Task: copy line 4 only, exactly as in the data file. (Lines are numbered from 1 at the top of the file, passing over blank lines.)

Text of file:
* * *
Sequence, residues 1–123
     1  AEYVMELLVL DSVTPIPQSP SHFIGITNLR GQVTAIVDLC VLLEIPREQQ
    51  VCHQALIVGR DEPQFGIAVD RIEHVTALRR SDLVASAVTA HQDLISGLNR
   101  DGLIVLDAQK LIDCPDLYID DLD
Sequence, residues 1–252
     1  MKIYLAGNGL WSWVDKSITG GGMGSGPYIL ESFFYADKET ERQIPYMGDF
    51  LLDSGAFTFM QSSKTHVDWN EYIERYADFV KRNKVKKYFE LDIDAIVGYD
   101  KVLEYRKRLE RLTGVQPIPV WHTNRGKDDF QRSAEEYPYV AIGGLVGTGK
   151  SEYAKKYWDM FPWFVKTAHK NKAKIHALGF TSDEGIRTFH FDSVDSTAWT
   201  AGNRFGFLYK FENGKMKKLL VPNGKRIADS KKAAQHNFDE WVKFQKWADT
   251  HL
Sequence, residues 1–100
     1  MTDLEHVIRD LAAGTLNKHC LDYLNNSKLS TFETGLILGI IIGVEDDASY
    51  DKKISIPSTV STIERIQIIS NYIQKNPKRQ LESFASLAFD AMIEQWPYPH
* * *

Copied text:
   101  DGLIVLDAQK LIDCPDLYID DLD